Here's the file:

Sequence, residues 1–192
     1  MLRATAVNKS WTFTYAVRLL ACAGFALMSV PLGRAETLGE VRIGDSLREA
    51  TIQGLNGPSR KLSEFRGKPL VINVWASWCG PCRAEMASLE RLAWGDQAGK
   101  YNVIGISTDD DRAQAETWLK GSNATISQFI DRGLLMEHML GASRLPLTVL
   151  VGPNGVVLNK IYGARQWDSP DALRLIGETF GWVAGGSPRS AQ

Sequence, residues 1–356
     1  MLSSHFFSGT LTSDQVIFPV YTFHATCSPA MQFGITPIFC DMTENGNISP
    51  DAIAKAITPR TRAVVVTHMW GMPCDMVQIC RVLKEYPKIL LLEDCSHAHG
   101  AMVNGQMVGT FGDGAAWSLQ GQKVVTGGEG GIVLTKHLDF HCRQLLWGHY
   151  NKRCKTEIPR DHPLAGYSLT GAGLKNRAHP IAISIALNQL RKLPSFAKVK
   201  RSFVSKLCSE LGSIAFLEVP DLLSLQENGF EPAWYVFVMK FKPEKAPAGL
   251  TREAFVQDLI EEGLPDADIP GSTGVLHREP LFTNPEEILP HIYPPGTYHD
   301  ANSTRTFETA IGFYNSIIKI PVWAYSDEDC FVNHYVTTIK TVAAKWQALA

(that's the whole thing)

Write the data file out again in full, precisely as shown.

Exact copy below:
Sequence, residues 1–192
     1  MLRATAVNKS WTFTYAVRLL ACAGFALMSV PLGRAETLGE VRIGDSLREA
    51  TIQGLNGPSR KLSEFRGKPL VINVWASWCG PCRAEMASLE RLAWGDQAGK
   101  YNVIGISTDD DRAQAETWLK GSNATISQFI DRGLLMEHML GASRLPLTVL
   151  VGPNGVVLNK IYGARQWDSP DALRLIGETF GWVAGGSPRS AQ

Sequence, residues 1–356
     1  MLSSHFFSGT LTSDQVIFPV YTFHATCSPA MQFGITPIFC DMTENGNISP
    51  DAIAKAITPR TRAVVVTHMW GMPCDMVQIC RVLKEYPKIL LLEDCSHAHG
   101  AMVNGQMVGT FGDGAAWSLQ GQKVVTGGEG GIVLTKHLDF HCRQLLWGHY
   151  NKRCKTEIPR DHPLAGYSLT GAGLKNRAHP IAISIALNQL RKLPSFAKVK
   201  RSFVSKLCSE LGSIAFLEVP DLLSLQENGF EPAWYVFVMK FKPEKAPAGL
   251  TREAFVQDLI EEGLPDADIP GSTGVLHREP LFTNPEEILP HIYPPGTYHD
   301  ANSTRTFETA IGFYNSIIKI PVWAYSDEDC FVNHYVTTIK TVAAKWQALA